George Kusunoki Miller, better known as “Joji”, has experienced an unbelievable rise in fame after releasing his first mixtape “In Tongues” around three years ago. His long-doubted success in the music industry is another story of a man who deeply believed in himself and his abilities and succeeded against all odds.
A half-Japanese and half-Australian immigrant from Japan, Joji studied Communication and Media Arts at the New York Institute of Technology. He started filming and uploading his comedy-sketches as a student at the Canadian Academy in Japan, on a YouTube channel he called DizastaMusic under the name “Filthy Frank.” Many have criticized Joji’s sense of humor as completely incoherent and inappropriate to practically any age category.
Nonetheless, his content found an untapped audience, reaching 20 thousand subscribers in 2012. Ever since, Joji has continued to branch off. He created multiple comedic characters within his own universe, launched sister channels and worked with other prominent YouTubers like maxmoefoe, iDubbbzTV, HowToBasic and PewDiePie. In 2017, after 5 years of explosive growth, Joji had amassed millions of YouTube subscribers and more than a billion combined views across all of his channels.
Joji showed early promise as a musical artist, starting off with producing hip-hop music as a part of his comedic repertoire, which led to the release of his mixtape “Pink Season” as well the viral online dance trend, “The Harlem Shake.” However, Joji revealed that maintaining his YouTube channel was a huge stress in his exposé video in 2017, and was going through many challenges in his life. The character of Filthy Frank had taken a toll on his personal life. In 2017, Joji decided to leave YouTube in pursuit of a career in music.
Joji’s personal career began with the release of his first single “Joji, Will He,” followed by his first EP under the new name, “In Tongues.” Even though many fans were still upset about his retirement from YouTube, Joji’s music was slowly finding its new audience, earning him a name in the growing sub-genre of lo-fi, vocally loaded, sentimental music. Next year, on Oct. 26, 2018, Joji released his new album, “Ballads 1,” which debuted at Number 3 on the Billboard 200, and Number 1 in the Hip-Hop/R&B category. The album was a huge success, and undoubtedly made a huge impact on the industry, reaffirming Joji’s potential.
“Nectar” has become a huge stepping stone in Joji’s musical career. It marks the best of both his vocal and production performance so far, as well as overall vision and theme of the record. The album is a collection of songs about idealistic love, expectations, breakups and the complexity of it all. Accompanying it are pretty impressive and creative artwork, ad campaigns and music clips that capture the trippy, yet somewhat depressing mood that is typical of Joji’s style. It would be fair to say that Joji, along with Billie Eilish, have forged a new sub-genre of vocally loaded, trippy and very rhythmic songs that convey the cathartic relief from the pain caused by love. While having lots of high-end production, well-written lines and well-performed vocals for the first half of the record, Joji’s inexperience in the industry is evident in the second half. While having lots of admirable moments to give, Nectar does fall prey to Joji’s lack of skill and naiveté in the music industry.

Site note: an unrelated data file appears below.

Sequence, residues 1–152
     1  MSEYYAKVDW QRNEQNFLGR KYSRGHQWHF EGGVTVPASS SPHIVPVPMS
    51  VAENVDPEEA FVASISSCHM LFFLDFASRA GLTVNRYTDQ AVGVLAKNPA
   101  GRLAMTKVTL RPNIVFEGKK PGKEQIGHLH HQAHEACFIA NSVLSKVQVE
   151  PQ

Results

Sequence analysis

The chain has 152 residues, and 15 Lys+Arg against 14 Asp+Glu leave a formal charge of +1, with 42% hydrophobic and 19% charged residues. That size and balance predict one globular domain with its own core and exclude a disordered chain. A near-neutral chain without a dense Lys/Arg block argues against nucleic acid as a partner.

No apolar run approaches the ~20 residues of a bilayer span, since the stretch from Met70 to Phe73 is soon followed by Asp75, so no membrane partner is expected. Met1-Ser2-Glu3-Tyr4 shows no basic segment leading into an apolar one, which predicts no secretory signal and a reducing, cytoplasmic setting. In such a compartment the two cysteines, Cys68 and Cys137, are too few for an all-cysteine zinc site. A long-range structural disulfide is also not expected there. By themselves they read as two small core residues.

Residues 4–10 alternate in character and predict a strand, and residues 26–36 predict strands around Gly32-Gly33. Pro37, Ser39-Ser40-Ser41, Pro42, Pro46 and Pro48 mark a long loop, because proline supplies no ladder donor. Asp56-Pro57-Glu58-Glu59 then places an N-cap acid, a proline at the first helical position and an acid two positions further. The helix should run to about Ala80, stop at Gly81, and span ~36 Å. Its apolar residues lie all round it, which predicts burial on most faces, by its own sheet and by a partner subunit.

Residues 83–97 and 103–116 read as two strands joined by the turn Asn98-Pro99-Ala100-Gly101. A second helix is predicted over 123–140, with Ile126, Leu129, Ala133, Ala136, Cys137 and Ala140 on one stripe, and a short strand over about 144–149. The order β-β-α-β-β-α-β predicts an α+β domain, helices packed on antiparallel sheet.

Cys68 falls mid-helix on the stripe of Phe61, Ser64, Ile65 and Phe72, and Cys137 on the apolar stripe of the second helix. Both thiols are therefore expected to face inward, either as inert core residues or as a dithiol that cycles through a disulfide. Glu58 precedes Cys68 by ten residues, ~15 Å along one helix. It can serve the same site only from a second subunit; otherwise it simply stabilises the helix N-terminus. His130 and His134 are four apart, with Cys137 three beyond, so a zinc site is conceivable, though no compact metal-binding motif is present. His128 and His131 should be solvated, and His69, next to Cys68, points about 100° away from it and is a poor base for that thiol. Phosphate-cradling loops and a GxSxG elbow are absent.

All the singles that Joji released previously to the release of “Nectar” are obvious highlights of the album. Songs like “Run,” “Gimme Love” and “Sanctuary” undoubtedly showcase Joji’s best performance, with catchy, meaningful and relatable lyrics and amazing vocals. They also demonstrate a unique production featuring memorable acapella beats, guitar chords and pleasant ambient texture. A few memorable mentions should definitely include new songs like “Tick Tock,” with a charming beat and even better vocals. “Pretty Boy,” a collaboration track with Lil Yachty, explores a more low-hop, cloud rap side of Joji. Finally, “Reanimator,” a personal favorite, which is an experimental track, feels rather simplistic and yet delivers very pleasant ambience with an incredibly smooth R&B transition in the middle. As mentioned earlier, the first half of the record is incredibly well-balanced and produced. However, the rest of the album certainly showcases a more forgettable and seemingly unfinished piece of work.
Even though songs like “Normal People,” “Afterthought” and “Like You Do” manage to capture Joji’s spirit and style, they certainly don’t balance well with the highly original and creative first half of the album. With the exception of songs like “777” with its very interesting synth melody, as well as “Mr. Hollywood” with its impressive vocal performance, the second portion of the record sounds like a collection of Joji’s more disappointing, earlier works, something that would go on his first EP, “In Tongues.”
There’s no doubt, Joji has traveled far since his musical beginnings in 2017, and over the course has shown immense talent and potential. “Nectar,” having significant downsides in some places, stands as a stunning work in its genre, and showcases Joji’s pretty incredible genre range, between hip-hop and lo-fi influences to pop, R&B and even the synth musical aesthetic of the 80s. I’d give this album a solid 7/10.